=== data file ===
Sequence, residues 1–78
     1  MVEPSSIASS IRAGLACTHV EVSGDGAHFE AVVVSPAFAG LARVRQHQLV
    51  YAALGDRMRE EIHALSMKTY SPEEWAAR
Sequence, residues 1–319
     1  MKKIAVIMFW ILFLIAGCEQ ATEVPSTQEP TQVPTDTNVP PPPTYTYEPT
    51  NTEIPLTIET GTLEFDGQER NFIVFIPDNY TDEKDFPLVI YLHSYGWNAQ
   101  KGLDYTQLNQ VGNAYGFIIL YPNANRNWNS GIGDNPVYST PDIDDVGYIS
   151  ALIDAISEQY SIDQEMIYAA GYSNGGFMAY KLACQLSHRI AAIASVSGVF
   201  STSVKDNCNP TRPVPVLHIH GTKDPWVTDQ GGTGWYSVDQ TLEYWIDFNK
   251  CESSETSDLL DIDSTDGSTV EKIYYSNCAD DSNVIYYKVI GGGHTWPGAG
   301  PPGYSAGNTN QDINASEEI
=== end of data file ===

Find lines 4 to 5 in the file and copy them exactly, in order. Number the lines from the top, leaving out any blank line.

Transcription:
Sequence, residues 1–319
     1  MKKIAVIMFW ILFLIAGCEQ ATEVPSTQEP TQVPTDTNVP PPPTYTYEPT